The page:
6. Duties in respect of offers and contracts
6.1 No estate agent –
6.1.1 who has a mandate to sell or purchase immovable property shall willfully fail to present or cause to be presented to the seller or purchaser concerned, any offer to purchase or sell such property unless the seller or purchaser (as the case may be) has instructed him expressly not to present such offer;
6.1.2 who has the mandate to sell immovable property, may present competing for offers to purchase the property in such a manner as to make the seller accept any particular offer without regard to the advantages and/or disadvantages of each offer for the seller;
6.1.3 shall amend any provision of a signed offer, prior to rejection thereof, or a written mandate or any contract of sale or lease, without the knowledge and express consent of the offeror or the parties to the contract, as the case may be.
An estate agent with a mandate to sell or buy a property cannot selectively withhold offers and must present all offers received by him to his client until the property has been sold. A seller when conferring a mandate may, however, specifically instruct the estate agent not to submit certain offers (for example, offers below a certain price) and in such case, the estate agent would be under no ethical obligation to submit such an unacceptable offer.
An offer can be presented to a seller either personally or through his nominated representative. It is preferable to present an offer personally, but if this is not possible the offer can be presented through the post, be faxed, etc. An estate agent may telephone a seller to inform him that he has a written signed offer in respect of the property (see clause 5.7 discussed above), but then must convey all the material terms of the offer to the seller.
An estate agent holding a mandate to sell a property must at all times be mindful of the fact that in such case the seller is his client. In practice it often happens that an estate agent spends much more time with the prospective purchasers than with the seller and as a result becomes emotionally involved in a particular purchaser’s quest to find a home, losing sight of the fact that the seller is his client. An estate agent may not, however, allow personal considerations to cloud his judgement. Take the case where an intending purchaser has made an offer on a property.
One week later, before the expiry of the first offer, a second intending purchaser also makes an offer on the property through the same estate agent. The estate agent favours the first buyer because he knows how desperately the purchaser wishes to buy the property. The estate agent may not, however, when submitting the second offer, make favourable comments on that offer which are not true, simply to induce the seller to accept the first offer. The estate agent must remain objective at all times and give the seller unbiased advice.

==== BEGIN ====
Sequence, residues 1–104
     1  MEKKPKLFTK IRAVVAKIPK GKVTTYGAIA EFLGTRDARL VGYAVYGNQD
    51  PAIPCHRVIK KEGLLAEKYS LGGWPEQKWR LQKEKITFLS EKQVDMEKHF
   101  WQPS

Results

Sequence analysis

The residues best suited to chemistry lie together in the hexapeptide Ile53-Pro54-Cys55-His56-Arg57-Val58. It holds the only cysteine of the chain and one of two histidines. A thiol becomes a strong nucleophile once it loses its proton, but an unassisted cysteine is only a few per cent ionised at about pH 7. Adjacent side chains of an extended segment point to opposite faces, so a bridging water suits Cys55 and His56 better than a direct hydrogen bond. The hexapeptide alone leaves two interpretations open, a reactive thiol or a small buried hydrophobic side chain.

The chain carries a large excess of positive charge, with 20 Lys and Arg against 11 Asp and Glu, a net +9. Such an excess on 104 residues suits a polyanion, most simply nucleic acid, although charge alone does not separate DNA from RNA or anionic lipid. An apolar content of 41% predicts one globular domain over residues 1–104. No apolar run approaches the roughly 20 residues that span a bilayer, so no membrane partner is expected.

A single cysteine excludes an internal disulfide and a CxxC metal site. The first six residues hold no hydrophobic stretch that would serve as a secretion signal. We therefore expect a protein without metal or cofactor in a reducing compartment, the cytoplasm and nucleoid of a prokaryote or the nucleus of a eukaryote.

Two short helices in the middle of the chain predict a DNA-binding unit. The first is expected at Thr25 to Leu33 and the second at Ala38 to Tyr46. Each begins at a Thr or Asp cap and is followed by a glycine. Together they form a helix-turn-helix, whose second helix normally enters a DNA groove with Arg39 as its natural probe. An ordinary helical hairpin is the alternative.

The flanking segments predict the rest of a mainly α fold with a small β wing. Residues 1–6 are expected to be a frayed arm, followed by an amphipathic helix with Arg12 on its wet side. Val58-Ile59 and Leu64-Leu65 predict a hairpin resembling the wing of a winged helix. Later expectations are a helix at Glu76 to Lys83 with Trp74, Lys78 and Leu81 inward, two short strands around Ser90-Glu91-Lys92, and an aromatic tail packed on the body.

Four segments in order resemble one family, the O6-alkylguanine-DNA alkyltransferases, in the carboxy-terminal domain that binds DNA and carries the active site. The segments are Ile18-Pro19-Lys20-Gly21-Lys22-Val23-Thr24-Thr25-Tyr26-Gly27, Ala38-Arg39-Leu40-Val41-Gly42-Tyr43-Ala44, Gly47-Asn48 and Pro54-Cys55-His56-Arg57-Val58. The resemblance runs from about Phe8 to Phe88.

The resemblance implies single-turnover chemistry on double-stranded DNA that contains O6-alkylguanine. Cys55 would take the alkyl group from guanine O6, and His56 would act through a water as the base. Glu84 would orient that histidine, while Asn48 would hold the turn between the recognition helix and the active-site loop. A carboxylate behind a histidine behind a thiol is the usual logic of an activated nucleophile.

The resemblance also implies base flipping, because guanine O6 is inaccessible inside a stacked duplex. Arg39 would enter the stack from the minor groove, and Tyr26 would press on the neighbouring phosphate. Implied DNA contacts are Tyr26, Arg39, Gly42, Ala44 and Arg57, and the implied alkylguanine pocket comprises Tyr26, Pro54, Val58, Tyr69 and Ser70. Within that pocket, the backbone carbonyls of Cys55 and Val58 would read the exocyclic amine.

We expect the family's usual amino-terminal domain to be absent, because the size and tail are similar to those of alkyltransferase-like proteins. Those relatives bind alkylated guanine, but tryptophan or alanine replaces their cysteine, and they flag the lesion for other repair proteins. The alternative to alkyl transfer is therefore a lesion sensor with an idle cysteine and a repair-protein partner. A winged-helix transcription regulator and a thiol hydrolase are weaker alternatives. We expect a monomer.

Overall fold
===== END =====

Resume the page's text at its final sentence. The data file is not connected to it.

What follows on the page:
6.2 An estate agent shall –
6.2.1 explain to every prospective party to any written offer or contract negotiated or procured by him in his capacity as an estate agent, prior to signature thereof by such party, the meanings and consequences of the material provisions of such offer or contract, or, if he is unable to do so refer such party to a person who can do so;
6.2.2 if he knows that an offer submitted by him as an estate agent to any party has been accepted, or has not been accepted by the expiry date thereof, forthwith notify the seller or of such fact;
6.2.3 without undue delay furnish every contracting party with a copy of an agreement of sale, lease, option or mandate with which he is concerned as an estate agent, provided that the foregoing shall also apply in respect of an offer to purchase or lease if the offeror specifically requests a copy thereof.
In practice most estate agents use standard pre-printed contract documents for mandates, offer to purchase, sale agreements, etc. Sellers and buyers negotiating through estate agents rarely consult their attorneys before signing such documents. Documents are also sometimes signed without being read or their terms understood. This is largely due to the fact that buyers and sellers blindly place their trust in estate agents and do not expect them to use documents that do not adequately safeguard the interests of the parties.